Adventure is not a luxury. Our souls need space. The physical space around me seemed to activate a sense of space within me. I thought back to where it all started for mankind. We lived outdoors, in the garden, in the wilderness. Now we are boxed into suburbs and estates, and work within office parks. Of course, that is sacred and what it means to be a human in the 21st century… but we must find space in order to revive. We must find space to reconnect with our story, to refresh and refocus and to refuel. There is something so simple yet profound about breathing in fresh air and staring out into new horizons.

The next 6 days was a combination of single track, jeep track, rocky portages, river crossings, black label quarts in local shebeens, good food, tricky downhills, long uphill’s, flat blue oceans, crystal clean rivers, whales, sardines, huge pods of dolphins, waterfalls that fall into the sea, rocks that look like cathedrals, 17km beach rides, good conversations, loads of laughing, watching people fall (or score a try as this crowd like to call it!) and learning about how to maintain a bike. It was epic. As each day went on, I found myself getting deeper into the experience and further away from my reality at home. With limited cell phone reception, I had little contact with home and work, aside from a few calls to my family. My wife has often referred to me as being ‘busy… busy in my head!’. Physical space has a way of opening up headspace. Space affords you the opportunity to think without all the usual clutter. In those contexts, it is interesting to pay attention to where our minds naturally drift. What or who do we think about? It’s a chance to reprioritise. It’s a chance to remind oneself of what’s important and sacred. It’s a chance to let go of the mundane, of the irrelevant. It’s also a chance to temper the addiction to technology…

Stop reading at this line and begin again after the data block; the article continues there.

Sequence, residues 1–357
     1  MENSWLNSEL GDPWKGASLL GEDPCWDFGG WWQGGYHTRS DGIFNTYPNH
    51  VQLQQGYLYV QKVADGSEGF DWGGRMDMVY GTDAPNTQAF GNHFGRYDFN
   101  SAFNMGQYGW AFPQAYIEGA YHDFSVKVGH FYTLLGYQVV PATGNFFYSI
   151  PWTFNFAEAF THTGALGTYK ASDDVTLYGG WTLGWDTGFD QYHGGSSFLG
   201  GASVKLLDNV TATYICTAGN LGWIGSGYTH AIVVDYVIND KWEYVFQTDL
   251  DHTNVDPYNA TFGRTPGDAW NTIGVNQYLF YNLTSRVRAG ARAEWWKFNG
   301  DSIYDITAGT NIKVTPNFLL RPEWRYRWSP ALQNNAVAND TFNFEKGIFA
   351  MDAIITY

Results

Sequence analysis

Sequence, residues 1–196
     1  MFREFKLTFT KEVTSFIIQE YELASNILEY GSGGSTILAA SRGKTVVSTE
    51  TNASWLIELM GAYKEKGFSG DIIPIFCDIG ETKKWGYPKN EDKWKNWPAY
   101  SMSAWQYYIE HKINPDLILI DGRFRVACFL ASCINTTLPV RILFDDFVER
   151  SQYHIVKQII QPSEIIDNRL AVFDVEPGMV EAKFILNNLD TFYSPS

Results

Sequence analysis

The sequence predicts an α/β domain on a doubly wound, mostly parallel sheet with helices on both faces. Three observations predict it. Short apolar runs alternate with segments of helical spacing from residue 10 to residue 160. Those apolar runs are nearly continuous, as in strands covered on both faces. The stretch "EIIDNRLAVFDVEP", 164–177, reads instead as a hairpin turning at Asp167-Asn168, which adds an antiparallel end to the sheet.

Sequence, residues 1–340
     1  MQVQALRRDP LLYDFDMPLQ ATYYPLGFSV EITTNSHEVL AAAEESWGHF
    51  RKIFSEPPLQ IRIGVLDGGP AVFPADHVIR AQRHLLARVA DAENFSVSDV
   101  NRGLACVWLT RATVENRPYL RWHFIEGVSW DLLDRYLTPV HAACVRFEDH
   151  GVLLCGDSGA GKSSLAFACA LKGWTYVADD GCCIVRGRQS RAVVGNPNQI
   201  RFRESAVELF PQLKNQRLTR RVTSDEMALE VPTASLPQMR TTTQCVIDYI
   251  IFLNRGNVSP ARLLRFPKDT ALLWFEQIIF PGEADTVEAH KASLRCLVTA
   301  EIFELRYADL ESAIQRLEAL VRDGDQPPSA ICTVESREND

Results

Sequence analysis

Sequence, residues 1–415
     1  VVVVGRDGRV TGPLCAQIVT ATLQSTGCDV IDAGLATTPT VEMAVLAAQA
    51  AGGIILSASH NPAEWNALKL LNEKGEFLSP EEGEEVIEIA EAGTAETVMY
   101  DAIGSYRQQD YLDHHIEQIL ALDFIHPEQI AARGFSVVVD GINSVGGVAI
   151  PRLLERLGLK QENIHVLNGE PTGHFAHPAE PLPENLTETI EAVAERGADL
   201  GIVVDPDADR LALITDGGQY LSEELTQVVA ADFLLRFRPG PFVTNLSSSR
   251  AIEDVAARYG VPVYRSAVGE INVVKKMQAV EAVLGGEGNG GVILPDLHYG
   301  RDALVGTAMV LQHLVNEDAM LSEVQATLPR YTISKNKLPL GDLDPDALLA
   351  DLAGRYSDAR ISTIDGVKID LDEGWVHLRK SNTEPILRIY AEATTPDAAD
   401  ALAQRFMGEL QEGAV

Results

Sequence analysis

When we arrived in Msikaba we discovered, through our phones, that a new cell phone tower had been installed. I watched as the tech drew us away from each other and toward our devices. It wasn’t hectic, but just noticeable. The next day the tower was down. I was grateful. After the fourth time I glanced at my phone and lit the screen, I realised it was futile and packed the phone away. Only then can we surrender to what and who is around us and be fully present. Now that I am home, I am aware of how jarring and invasive technology can be, albeit it necessary to live our lives. Every now and then we just need to live disconnected.

As I became more aware of my surroundings, I also became more aware of how the adventure was growing my confidence. As I mentioned, I had my doubts about my ability to keep up with the crew or navigate the terrain by bike. But as the days went on and I tackled the hills, my confidence grew, and I started to enjoy the riding more and more. The space adventure affords us is the space outside of our comfort zone. We need to go there periodically to learn about ourselves. The stretch is good as it also forces one to be present in what they are doing right there and then. I was fixed only on the terrain in the more difficult sections and nothing else. I would have all the good endorphins rush in when I hopped over a rock or took on a steep downhill or pushed through some soft sand.

Adventure is about space. Space to disconnect. Space to reconnect with self. Space to reprioritise. Space to grow. Space to think. Space to just be. Space to learn. Space to meet new people. Space to step out of comfort zones.

When last did you step into the space adventure provides? How long have you been driving the same roads, doing the same route, looking at the same laptop, phoning and hanging out with the same people? Those things are all good… they just need the enthusing of adventure and space, as it is, as everyone says, food for the soul.

I am now back to reality, figuring out what to do about POPIA and everything else that comes with growing a brand. When it’s all getting a bit hectic, I can close my eyes and remember a moment I lived in the Pondo and claim the emotional space that the memory offers up.

Adventure is equipping me through The Middle of all contexts in incredible ways.

If I go again will you join me?


Author: Travis Gale